Here are some of my favorite ways to preserve the garden harvests.
Foolproof Fruit Butter
Lower in sugar and much easier to make than preserves or jam, these tasty treats contain no butter. Their name simply refers to the smooth, creamy texture. Perhaps the best-known fruit butter in this country is apple butter, but you can also make peach butter, plum butter, apricot butter, pear butter, berry butter, and even tomato or pumpkin butter.
Makes about 4 pints
5 pounds fruit (use apples, peaches or whatever is abundant); use an extra pound or two if you’re using fruits with a high water content, such as berries
2 cups cider, fruit juice, or water
Sugar or honey (optional)
Spices (ground cinnamon, cloves, ginger)
Peel, core, and seed fruit, and cut into 1-inch hunks. Put the fruit and your liquid (cider, fruit juice, or water) into a large non-reactive pot, bring to a boil, and simmer (covered) for 20 minutes until the fruit is soft and mushy. Stir occasionally, and add a little water if the fruit begins to stick to the bottom, to prevent scorching.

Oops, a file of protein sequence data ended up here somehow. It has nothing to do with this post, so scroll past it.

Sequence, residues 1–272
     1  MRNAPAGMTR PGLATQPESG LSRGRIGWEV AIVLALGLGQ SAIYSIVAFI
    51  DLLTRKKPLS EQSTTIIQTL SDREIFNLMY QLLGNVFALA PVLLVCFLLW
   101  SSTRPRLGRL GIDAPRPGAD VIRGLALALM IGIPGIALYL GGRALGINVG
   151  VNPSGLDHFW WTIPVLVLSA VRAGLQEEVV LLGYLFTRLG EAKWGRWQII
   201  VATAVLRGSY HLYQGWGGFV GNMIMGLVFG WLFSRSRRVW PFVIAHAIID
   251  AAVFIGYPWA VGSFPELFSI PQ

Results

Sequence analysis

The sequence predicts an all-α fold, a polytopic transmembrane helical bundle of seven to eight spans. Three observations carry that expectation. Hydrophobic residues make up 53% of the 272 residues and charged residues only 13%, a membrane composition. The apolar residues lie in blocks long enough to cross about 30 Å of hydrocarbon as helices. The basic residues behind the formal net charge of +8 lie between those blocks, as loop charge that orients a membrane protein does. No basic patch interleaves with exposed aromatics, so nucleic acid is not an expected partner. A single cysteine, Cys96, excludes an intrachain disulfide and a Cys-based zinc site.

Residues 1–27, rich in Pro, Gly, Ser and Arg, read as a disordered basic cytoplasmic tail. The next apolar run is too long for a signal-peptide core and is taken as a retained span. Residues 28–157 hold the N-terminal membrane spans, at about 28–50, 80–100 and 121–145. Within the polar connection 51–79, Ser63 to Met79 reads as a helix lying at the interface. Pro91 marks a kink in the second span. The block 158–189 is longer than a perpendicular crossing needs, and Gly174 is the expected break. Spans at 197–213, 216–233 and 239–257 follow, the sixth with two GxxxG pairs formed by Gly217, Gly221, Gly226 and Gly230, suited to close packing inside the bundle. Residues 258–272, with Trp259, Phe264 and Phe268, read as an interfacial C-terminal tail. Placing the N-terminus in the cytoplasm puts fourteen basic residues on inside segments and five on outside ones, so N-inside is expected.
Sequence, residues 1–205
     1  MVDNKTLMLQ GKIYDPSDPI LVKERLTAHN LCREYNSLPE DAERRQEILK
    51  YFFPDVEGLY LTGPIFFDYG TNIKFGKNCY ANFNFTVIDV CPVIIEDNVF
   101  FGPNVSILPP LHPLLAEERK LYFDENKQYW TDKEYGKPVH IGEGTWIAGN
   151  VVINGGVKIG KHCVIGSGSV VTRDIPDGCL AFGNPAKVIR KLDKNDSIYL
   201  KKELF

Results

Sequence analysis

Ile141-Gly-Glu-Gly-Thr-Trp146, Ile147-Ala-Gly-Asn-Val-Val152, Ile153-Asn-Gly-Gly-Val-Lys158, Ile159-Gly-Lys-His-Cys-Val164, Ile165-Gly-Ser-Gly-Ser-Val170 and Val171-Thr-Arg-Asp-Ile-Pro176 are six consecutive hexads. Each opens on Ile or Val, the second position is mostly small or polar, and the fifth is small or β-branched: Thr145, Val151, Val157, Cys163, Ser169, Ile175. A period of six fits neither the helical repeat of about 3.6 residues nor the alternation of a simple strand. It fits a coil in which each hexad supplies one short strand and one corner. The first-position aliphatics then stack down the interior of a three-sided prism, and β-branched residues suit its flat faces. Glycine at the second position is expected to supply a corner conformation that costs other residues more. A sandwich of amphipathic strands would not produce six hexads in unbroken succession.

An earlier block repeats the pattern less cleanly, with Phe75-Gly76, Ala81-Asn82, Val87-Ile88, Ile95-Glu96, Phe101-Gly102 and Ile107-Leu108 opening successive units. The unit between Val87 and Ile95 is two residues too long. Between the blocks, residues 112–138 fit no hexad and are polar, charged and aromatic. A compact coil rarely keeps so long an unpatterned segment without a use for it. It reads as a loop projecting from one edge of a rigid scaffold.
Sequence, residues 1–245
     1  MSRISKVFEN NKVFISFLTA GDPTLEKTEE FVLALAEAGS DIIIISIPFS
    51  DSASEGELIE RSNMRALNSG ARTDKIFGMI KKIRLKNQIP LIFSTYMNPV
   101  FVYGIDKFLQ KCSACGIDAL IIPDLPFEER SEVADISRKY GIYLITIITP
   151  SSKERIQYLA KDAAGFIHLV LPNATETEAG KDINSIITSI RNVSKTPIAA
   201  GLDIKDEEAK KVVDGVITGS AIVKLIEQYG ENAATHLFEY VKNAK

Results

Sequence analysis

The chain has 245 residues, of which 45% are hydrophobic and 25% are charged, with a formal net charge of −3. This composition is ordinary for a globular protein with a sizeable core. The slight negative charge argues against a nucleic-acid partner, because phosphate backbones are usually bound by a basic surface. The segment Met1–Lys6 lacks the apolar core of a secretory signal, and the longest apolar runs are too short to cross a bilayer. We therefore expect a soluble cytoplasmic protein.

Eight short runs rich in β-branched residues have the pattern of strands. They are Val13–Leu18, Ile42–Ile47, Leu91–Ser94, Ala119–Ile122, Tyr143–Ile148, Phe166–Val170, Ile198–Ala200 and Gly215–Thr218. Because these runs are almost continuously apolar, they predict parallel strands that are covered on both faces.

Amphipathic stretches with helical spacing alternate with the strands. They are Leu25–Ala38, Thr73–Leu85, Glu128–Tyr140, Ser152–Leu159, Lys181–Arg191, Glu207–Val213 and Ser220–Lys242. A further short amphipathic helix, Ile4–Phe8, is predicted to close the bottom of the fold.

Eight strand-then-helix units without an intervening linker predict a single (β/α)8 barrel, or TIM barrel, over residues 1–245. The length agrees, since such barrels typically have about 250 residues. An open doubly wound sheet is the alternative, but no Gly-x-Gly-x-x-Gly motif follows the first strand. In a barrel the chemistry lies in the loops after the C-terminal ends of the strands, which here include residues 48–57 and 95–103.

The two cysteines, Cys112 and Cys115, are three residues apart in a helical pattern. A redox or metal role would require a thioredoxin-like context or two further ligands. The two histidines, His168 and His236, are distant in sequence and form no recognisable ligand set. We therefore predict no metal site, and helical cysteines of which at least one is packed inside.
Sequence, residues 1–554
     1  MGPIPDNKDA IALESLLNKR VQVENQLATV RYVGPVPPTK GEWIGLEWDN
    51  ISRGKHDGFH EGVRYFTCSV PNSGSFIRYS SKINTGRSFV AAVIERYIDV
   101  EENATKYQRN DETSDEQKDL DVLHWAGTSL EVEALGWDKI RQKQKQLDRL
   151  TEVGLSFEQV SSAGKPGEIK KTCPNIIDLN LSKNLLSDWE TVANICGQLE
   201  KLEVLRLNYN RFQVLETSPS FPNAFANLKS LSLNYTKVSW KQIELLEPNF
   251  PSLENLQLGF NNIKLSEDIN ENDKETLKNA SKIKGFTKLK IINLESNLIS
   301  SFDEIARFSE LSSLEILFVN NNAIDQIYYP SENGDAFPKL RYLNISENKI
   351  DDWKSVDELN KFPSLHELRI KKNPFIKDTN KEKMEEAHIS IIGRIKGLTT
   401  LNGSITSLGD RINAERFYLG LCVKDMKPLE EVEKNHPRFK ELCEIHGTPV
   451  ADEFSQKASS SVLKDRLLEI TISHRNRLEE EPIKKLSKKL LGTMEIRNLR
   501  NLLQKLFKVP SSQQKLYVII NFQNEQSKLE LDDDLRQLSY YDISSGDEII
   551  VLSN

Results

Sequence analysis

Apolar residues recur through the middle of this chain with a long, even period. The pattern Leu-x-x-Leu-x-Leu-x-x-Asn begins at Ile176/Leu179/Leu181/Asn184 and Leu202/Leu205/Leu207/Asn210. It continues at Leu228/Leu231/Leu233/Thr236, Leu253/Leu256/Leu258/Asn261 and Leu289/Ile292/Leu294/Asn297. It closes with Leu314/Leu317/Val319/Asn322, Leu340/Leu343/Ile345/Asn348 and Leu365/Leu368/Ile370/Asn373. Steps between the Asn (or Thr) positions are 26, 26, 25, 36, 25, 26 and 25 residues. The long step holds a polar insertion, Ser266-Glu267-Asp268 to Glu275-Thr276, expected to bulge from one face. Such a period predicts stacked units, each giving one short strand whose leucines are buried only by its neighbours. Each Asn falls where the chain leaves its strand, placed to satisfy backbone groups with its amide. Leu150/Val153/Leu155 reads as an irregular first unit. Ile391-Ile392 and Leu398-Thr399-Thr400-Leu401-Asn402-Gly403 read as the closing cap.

Pour the mushy fruit into a large slow cooker. If possible set the cooker in a sheltered outdoor area so the heat and evaporating water won’t be indoors making an already hot day harder to bear. Cook, uncovered (turn a sieve upside down as a lid if insects are a concern), on medium or low for 10 to 12 hours, stirring occasionally, or until the butter is as thick as you like it. It will get brown and rich. You can’t overcook fruit butter, and in the slow cooker, you can’t scorch it as you can on the stove. If you don’t have a slow cooker, use the thickest-bottomed pot you have on your stove’s very lowest setting and be vigilant about stirring, especially as the butter starts to thicken up. There’s no set time for stovetop cooking; you just need to cook the fruit until it reaches your desired consistency.